At the core of academic research is the passion to make a difference, whether that be saving lives, mitigating climate change, or simply making people’s everyday easier and better. But this drive to make change is often hindered by limitations in funding for academic researchers who have to spend significant time applying to secure funds, often with little success. And sadly, without money, ingenious research can’t evolve beyond ideas.

Funding is integral to research; we need money to pay for materials and equipment and, ultimately, to pay for people’s time. In STEM-based research and, increasingly, data-driven social research, material and equipment costs are particularly great. It’s well known that the amount of funding committed to a research field directly corresponds with the development and quality of the field. So how do we get research funded?

The traditional channel of funding for academic research is from governments. Most countries have taxpayer-funded grants for research, which are highly competitive and usually managed by dedicated government departments and research councils that support scientific research.

In the UK, the investment of public funding in academia is managed centrally by UK Research and Innovation (UKRI), which had an allocated budget of £8.6 billion for 2020-21. And in 2021, with increased competition researchers looking to address the Covid-19 pandemic, overall success rates for UKRI grant applications dropped to 21% in 2021. Similarly, the US National Science Foundation (NSF) received nearly 50,000 research proposals in 2017 and funded only 11,447 – roughly four out of every five proposals being rejected in a single year.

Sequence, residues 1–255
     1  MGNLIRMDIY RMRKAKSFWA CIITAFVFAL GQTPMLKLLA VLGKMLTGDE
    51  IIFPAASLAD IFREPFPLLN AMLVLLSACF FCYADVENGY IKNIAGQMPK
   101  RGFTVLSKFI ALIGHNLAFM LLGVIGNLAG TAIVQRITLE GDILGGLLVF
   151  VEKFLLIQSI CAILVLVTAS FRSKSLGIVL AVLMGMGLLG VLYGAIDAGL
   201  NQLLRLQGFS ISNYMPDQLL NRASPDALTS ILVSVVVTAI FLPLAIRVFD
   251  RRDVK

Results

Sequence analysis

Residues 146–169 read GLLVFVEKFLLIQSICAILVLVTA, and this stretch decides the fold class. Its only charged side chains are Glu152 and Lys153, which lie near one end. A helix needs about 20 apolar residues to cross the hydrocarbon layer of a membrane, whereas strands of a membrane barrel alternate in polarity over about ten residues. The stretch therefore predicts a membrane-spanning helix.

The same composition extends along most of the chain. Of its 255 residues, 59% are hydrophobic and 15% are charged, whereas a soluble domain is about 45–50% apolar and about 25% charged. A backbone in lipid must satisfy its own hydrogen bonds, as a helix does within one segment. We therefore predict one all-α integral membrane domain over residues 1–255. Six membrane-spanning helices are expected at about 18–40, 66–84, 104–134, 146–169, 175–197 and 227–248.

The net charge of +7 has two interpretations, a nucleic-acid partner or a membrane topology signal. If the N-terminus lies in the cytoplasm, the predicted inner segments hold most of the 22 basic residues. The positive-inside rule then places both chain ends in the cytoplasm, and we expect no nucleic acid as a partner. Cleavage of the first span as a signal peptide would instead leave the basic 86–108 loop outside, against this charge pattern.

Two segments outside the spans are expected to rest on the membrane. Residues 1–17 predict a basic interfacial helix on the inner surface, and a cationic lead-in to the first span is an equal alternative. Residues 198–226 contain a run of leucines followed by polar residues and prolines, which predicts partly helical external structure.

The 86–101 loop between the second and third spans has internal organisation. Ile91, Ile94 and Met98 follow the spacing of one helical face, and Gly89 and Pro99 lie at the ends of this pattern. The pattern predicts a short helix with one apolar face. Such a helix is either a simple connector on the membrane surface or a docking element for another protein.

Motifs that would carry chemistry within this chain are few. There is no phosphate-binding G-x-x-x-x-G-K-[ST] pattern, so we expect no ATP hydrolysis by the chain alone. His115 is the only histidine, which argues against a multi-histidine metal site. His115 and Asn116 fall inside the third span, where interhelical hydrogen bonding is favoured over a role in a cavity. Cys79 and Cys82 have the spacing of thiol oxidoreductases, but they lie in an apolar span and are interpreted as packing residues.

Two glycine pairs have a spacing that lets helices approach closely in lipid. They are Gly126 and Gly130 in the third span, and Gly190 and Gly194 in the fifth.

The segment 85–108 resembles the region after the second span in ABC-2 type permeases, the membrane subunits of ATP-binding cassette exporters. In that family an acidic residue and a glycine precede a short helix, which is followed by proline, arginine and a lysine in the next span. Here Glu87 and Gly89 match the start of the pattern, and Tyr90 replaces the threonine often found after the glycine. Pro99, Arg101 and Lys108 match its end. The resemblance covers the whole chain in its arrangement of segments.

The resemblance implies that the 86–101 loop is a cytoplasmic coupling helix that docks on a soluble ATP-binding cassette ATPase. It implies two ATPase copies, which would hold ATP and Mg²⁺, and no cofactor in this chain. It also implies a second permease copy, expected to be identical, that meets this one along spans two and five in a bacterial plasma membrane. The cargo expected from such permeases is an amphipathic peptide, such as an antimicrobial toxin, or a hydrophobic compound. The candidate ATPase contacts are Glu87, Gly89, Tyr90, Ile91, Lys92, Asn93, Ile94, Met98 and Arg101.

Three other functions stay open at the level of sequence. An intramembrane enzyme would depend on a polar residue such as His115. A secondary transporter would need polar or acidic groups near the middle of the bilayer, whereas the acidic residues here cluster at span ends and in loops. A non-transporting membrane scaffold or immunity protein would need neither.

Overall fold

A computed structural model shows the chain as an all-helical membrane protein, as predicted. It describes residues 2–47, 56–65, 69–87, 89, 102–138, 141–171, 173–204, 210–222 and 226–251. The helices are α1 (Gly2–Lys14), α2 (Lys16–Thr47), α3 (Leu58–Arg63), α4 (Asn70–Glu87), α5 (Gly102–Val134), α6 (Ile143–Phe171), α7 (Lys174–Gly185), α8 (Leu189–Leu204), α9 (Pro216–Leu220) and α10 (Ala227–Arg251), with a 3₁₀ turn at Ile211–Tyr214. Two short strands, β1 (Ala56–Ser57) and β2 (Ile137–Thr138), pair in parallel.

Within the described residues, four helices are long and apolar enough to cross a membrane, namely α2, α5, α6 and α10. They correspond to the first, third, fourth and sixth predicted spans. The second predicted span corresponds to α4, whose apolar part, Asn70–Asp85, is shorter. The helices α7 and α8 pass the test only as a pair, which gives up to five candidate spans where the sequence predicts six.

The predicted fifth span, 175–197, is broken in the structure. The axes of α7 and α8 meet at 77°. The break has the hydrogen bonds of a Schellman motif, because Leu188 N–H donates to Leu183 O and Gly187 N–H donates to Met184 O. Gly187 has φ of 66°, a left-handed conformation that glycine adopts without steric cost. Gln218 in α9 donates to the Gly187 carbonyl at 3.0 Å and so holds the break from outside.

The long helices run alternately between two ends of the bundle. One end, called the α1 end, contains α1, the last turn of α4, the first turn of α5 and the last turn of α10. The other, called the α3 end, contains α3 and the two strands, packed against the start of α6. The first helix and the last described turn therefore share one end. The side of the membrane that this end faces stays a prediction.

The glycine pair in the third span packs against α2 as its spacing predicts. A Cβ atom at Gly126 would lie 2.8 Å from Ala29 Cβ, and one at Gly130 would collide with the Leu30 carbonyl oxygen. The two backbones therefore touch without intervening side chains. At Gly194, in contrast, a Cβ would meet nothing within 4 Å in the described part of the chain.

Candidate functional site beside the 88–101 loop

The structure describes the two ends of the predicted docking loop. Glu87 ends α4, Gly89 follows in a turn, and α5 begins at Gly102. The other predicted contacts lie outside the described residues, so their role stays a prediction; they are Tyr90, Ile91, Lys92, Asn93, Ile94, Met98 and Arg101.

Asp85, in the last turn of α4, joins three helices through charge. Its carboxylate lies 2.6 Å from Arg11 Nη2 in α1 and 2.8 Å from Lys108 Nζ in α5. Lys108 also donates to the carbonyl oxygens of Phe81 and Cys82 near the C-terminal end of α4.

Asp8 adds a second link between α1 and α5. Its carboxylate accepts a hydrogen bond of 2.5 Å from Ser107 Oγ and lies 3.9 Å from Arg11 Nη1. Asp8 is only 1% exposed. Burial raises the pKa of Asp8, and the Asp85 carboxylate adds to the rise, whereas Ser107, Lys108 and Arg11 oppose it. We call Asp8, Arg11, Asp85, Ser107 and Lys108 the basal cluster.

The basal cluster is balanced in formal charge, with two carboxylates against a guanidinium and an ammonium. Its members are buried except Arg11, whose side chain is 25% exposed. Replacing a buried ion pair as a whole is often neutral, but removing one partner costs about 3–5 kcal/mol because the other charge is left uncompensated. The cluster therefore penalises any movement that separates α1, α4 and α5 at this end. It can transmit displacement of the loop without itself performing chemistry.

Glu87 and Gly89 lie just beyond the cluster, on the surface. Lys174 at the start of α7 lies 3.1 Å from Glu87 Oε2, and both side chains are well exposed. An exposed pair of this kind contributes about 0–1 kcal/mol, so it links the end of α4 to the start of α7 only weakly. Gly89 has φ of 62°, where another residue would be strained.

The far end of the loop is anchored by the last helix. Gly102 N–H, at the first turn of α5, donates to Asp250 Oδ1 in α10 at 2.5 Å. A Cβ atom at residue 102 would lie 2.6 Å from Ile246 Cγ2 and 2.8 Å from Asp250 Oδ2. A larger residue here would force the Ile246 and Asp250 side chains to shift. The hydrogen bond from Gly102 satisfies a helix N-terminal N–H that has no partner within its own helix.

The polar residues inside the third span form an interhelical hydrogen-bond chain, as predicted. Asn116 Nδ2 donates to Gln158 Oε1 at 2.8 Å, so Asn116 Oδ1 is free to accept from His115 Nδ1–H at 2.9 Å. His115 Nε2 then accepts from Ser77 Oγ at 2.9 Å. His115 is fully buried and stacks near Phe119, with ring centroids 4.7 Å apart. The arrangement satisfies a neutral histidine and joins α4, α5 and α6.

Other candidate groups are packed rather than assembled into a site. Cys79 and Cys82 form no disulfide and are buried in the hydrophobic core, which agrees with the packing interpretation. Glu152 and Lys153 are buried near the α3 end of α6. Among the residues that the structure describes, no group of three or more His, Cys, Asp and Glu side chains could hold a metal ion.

These aren’t exactly promising numbers – so what other options are there? Some grants are available via charitable foundations, such as the Wellcome Trust and Alzheimer’s Research UK, but these are typically focused on medical research. A more promising avenue for funding is industry.

What are the benefits of industry funding for academic research?

Industry funding enables the acceleration of real-world impact from academic research. All research inevitably presents some form of environmental, economic or social gain, or fulfills a consumer need. An industry partner can help academics achieve the greatest potential impact for their research by providing a more direct route to reach these outcomes.

Companies in industry continually assess market demand, policy changes, consumer and healthcare requirements, and increasingly global sustainability goals, providing unique insight for researchers, thus providing a more informed path for research and development. This path is very results and output-driven, allowing the direct translation of research into products and technologies that public funding often struggles with.